Welcome to week two of the legislative session!
Let’s get started
Things have started moving at the Statehouse. Most committees have met at least once and taken care of organizational matters – who’s sitting where, naming the committee’s student page, and discussing testimony protocol. Each committee works a little differently, with Chairs having a great deal of power over deciding what bills are heard, how testimony is taken, and what gets priority. Chairs are the first decision makers on all pieces of legislation. If a bill sponsor can’t find a committee chair to add their legislation to the agenda, the bill dies before it’s even been heard.
Virtual testimony now available (but not everywhere…)
Also up to the Chairs is how public testimony works. In the Senate, it’s been decided that all committees will hear both in-person and virtual testimony, though you must sign up in advance for either. To sign up, find the bill you’d like to testify on within the committee’s agenda; you’ll find a link at the bottom (highlighted in red). Click it, then follow the directions. If you have difficulties, contact the committee secretary listed on the agenda. You can explore the committee webpage here.
In the House, it’ll be up to each committee chair whether they’ll hear virtual testimony or not, as well as who gets priority. For example, State Affairs Chairman Brent Crane said he would allow virtual testimony, though in-person testimony will be heard first. Written testimony is always an option as well, which can be submitted on the legislative website as well, or sent directly to the committee secretary to be included in the legislators’ packets ahead of the meeting. More information on testimony – both in-person and virtual – can be found here.
Bills to watch out for this week:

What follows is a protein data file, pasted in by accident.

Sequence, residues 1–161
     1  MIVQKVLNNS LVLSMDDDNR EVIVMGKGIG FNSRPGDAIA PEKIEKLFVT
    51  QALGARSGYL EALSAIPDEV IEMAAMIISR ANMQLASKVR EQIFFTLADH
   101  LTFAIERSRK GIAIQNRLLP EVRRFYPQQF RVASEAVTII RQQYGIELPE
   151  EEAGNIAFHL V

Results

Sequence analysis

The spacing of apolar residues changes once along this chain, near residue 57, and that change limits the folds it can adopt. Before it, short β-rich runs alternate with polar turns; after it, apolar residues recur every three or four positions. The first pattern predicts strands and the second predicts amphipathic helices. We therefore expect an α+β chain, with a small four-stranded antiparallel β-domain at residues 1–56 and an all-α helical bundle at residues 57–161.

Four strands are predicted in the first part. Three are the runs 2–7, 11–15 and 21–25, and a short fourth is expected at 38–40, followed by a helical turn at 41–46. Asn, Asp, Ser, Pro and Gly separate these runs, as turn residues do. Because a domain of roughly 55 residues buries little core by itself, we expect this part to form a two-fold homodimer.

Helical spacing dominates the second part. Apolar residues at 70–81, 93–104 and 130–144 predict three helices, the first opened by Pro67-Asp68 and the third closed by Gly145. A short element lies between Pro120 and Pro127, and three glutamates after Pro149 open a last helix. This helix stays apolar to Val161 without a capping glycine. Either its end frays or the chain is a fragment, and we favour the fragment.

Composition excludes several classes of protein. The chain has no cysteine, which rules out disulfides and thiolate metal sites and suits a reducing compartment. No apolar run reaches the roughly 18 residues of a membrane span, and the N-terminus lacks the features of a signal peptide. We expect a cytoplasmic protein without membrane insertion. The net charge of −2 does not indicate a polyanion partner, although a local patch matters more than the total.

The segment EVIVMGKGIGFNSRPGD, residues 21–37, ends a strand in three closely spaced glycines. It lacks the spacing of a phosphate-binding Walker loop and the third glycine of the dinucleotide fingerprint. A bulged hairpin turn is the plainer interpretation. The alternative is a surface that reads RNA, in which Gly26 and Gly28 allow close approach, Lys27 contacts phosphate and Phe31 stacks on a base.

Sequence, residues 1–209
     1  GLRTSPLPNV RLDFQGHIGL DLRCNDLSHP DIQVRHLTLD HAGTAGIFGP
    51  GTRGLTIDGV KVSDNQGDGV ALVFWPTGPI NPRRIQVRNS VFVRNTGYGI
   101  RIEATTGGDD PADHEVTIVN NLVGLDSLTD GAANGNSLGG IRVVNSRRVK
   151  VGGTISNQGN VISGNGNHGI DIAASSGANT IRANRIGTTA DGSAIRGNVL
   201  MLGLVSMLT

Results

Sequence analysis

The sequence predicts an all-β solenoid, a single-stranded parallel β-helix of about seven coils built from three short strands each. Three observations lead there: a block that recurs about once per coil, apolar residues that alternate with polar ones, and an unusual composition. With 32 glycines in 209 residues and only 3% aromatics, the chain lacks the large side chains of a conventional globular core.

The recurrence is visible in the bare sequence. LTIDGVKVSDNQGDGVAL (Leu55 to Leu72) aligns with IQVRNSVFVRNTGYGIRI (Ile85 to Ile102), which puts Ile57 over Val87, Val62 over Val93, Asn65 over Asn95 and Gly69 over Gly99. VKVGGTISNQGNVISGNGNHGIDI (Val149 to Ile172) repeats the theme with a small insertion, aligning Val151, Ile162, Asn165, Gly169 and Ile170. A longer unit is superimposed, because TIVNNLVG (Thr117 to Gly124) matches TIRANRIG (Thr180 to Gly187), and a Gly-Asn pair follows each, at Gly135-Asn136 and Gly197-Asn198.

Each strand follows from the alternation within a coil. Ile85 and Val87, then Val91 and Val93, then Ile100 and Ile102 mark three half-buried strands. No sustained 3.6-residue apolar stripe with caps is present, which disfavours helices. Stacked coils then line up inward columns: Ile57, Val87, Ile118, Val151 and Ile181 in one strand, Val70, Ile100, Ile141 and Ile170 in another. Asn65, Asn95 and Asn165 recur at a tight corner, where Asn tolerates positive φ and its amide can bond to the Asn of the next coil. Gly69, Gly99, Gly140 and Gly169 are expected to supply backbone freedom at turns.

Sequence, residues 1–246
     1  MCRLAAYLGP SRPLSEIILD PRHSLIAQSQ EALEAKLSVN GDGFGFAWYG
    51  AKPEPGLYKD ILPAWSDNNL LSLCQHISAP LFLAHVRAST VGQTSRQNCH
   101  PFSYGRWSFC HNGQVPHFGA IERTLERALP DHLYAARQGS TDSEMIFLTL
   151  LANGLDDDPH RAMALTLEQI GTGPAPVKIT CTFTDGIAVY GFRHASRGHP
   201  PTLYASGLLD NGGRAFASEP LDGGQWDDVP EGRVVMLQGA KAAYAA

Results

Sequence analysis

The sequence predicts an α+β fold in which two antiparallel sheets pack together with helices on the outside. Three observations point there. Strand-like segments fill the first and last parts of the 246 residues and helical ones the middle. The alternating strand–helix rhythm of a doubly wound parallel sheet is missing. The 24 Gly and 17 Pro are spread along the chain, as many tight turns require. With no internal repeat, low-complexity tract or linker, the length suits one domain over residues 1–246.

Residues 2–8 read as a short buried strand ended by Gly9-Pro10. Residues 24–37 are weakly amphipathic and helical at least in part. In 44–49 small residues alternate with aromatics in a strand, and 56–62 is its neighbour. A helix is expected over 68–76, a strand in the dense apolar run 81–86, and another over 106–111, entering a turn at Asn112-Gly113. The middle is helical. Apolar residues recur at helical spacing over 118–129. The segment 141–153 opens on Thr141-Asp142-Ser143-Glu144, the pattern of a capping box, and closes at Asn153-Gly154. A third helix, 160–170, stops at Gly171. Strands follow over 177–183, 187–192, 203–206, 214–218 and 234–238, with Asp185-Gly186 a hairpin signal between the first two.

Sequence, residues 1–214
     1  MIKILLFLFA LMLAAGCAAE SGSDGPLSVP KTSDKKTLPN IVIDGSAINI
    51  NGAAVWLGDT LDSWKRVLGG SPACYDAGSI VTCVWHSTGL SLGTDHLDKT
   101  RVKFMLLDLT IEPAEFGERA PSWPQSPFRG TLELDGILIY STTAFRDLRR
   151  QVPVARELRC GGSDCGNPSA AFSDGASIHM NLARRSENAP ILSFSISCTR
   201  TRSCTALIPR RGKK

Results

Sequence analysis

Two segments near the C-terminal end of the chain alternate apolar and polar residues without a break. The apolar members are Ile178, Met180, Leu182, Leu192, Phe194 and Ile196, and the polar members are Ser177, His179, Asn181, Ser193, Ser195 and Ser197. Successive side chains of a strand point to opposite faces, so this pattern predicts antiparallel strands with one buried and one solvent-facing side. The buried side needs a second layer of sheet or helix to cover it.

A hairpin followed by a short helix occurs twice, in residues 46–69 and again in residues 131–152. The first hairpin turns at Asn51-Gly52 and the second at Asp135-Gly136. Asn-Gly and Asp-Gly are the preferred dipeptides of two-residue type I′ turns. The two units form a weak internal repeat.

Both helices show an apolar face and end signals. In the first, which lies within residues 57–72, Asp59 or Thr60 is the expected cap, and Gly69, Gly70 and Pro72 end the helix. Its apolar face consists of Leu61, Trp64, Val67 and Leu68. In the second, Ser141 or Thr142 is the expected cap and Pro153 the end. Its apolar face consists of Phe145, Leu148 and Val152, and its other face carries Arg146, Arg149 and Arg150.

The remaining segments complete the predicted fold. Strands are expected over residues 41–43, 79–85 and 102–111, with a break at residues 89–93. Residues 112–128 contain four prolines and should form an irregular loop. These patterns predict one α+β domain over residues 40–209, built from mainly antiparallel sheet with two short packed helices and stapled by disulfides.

Things are so far somewhat quiet around the statehouse as far as new legislation. Late last week, Representative Julianne Young introduced a bill dealing with elections audits, but there’s nothing alarming in the legislation. We will continue to monitor and keep you in the loop as bills arise! You can also follow along on your own with the CVI Bill Tracker.
Not a bill, but we are seeing potential changes to how the Joint Finance and Appropriations Committee decides which state budgets pass and which budgets don’t. These changes could have a major impact on how Idaho runs. Agencies must have an approved budget in order to function, and if the House (or Senate) decides to hold a budget in committee, it could muck up the whole process. Check out this great explainer piece from the Idaho Capital Sun. Budgeting, while somewhat mundane or even boring for some of us, is an essential duty of the legislature.
A big thanks to you all!
We had a wonderful time hosting the Reception of Conservation Legislators last night with our friends at the Idaho Conservation League. Big thanks to all of you, the elected officials who took time out of their busy days, and our awesome staff for such a successful event!